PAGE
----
Beatles ad 12-12-62

Beatles ad 12-12-63

Bonici Obituary

This was the first ad Bonici ran promoting the Beatles at his Elgin hall. Though two of his associates have been given credit for bringing the Beatles to Scotland, it was Albert Bonici through his booking agent, Jack Fallon of Cana Variety London, who handled contracts. It is presumed that Brian Epstein and Albert Bonici first met in January 1963 in Mr. Epstein’s office in Liverpool to hash out the terms for following engagements in Scotland. We know that the two had a strong business relationship and mutual respect that resulted in several of Brian Epstein’s acts to the Two Red Shoes and the north of Scotland. Brian understood that his groups would be looked after on the road. Besides those who Albert hired to perform various tasks, bands were often invited to a meal prepared by Betty Bonici in the Park Café, after a performance at the TRS Ballroom.

The first performance of the Beatles was originally planned for the 2nd of January to share a New Year’s Dance billing with Johnny and The Copycats, a young “beat” band managed by Mr. Bonici….

“Modern Dancing Enterprises presents the boys of ‘Love Me Do’ fame “The Beatles” in a Special New Year’s Dance in the Longmore Hall, Keith on Wednesday 2 January 1963 from 9pm until 1am. Tickets cost 5/- A bus will leave Buckie at 8pm going via the coast to Cullen and Deskford, another bus will run from Huntly via Dufftown”. The Banffshire Advertiser  Dec 27 1962 [photo of hall]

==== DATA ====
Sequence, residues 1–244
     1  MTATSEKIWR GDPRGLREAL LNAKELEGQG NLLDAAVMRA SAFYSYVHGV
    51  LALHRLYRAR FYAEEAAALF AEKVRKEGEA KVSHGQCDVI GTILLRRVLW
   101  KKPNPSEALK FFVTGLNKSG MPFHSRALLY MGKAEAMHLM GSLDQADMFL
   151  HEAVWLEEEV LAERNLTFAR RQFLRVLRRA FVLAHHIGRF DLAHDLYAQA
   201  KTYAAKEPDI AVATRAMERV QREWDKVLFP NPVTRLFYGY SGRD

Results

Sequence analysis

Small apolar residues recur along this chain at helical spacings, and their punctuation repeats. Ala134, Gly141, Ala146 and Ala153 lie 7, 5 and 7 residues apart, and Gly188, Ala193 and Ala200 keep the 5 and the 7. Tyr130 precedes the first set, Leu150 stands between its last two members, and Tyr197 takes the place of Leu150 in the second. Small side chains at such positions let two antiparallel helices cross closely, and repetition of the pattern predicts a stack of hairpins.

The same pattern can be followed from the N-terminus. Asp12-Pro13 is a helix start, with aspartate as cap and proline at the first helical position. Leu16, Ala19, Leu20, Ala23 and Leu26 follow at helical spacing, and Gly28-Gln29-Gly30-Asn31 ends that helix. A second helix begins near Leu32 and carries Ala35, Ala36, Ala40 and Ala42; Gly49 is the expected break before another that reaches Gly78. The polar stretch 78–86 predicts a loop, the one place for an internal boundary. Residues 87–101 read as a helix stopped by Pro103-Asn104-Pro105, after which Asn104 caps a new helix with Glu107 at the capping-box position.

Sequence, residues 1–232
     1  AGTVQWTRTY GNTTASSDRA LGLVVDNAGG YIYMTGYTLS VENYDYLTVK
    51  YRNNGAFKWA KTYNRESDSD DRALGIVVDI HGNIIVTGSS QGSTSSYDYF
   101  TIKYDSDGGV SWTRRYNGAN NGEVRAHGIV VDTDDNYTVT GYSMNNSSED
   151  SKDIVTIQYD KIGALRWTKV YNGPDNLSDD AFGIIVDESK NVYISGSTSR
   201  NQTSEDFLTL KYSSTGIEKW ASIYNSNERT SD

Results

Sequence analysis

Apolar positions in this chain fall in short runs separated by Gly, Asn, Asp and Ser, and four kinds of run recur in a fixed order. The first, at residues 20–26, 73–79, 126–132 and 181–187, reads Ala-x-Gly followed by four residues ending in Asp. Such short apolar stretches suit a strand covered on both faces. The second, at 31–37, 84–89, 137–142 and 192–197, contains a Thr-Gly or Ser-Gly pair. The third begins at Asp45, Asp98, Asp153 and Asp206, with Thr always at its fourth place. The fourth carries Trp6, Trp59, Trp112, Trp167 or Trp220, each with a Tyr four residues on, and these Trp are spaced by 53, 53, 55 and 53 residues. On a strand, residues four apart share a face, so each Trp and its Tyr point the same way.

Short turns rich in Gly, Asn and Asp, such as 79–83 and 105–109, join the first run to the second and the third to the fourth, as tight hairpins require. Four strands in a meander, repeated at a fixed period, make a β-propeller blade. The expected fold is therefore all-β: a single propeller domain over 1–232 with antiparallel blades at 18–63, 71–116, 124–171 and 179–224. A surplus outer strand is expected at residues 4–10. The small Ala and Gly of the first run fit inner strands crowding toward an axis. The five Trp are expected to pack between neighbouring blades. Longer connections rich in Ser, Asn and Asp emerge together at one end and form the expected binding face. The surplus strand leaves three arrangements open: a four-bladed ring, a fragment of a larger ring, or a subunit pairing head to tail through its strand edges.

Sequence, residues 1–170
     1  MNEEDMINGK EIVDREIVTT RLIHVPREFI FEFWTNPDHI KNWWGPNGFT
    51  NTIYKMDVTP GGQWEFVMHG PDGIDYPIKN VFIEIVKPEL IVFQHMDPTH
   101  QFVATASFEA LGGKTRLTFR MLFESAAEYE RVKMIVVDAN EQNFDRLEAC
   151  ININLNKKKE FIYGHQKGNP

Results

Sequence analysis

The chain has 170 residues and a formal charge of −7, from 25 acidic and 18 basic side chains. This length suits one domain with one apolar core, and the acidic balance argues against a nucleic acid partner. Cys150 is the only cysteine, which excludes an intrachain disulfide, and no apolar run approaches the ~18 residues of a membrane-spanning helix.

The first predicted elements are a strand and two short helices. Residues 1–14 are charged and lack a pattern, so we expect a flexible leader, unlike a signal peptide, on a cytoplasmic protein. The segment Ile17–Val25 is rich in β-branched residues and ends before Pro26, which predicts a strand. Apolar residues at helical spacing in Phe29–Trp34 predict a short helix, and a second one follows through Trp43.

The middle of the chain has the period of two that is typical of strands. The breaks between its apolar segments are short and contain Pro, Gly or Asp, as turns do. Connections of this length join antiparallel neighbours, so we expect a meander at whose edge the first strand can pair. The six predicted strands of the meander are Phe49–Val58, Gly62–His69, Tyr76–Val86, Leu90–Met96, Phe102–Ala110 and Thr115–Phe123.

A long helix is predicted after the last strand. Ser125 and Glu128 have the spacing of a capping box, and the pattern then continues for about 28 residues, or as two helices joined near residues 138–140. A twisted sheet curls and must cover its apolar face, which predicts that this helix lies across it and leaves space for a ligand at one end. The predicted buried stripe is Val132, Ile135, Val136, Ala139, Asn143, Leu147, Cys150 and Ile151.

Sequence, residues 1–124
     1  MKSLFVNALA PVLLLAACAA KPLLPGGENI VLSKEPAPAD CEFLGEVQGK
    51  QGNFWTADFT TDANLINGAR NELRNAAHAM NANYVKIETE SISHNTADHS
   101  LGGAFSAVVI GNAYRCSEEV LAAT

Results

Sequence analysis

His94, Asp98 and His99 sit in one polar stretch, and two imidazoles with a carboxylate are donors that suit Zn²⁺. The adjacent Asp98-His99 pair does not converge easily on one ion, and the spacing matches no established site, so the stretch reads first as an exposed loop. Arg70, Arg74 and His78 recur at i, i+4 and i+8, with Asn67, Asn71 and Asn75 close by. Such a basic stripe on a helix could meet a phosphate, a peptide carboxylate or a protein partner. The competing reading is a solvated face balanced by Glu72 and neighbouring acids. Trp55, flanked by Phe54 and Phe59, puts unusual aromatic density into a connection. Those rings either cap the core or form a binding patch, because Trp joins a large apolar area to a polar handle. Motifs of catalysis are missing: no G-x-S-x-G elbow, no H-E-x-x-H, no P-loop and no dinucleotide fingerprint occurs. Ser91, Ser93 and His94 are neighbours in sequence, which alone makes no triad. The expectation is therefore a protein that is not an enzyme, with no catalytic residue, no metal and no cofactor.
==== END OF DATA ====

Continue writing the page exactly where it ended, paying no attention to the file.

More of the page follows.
“In the winter of 1962/63 The Copycats were due to appear at Keith Longmoor Hall with an upcoming band from Liverpool, The Beatles, who were promoting their new single “Love Me Do” in the north east of Scotland. In those days the far north had a climate that was quite predictable, winters were cold and summers were warm, on this occasion the wintry weather was against both the lads from the Pool and the Buckie Boys.

An audience of 300 packed into the hall only to be told the news that the Beatles were not going to make the gig, the wild conditions had claimed their victims, alas the only act appearing on that night were “The Cats”, who, put on a great gig (at no extra cost) and ensured that the crowd left satisfied, In those days it was just the done thing.

Despite the Beatles not making it to Keith the story did not end there, the paths of both bands were soon to cross again……..

A year or so later and into 1964, The Beatles were a household name, their music style was engrossing the nation and whilst still in their very early days they had already topped the charts with several tunes, the momentum of the Beatles was growing, not only in the U.K. but further afield in Europe and the united States. At the time, Albert Bonici, the Cats booking agent, held the exclusive rights to all the work the Beatles were to undertake in Scotland, an agreement that was not popular with Brian Epstein, the new Beatles manager.

Naturally, Mr Epstein needed to manage this situation as the fab four from Merseyside were gathering momentum on a weekly basis, and so contact was made with Albert Bonici with a view to “buying” the Beatles out of the exclusive right agreement that was agreed in the years prior.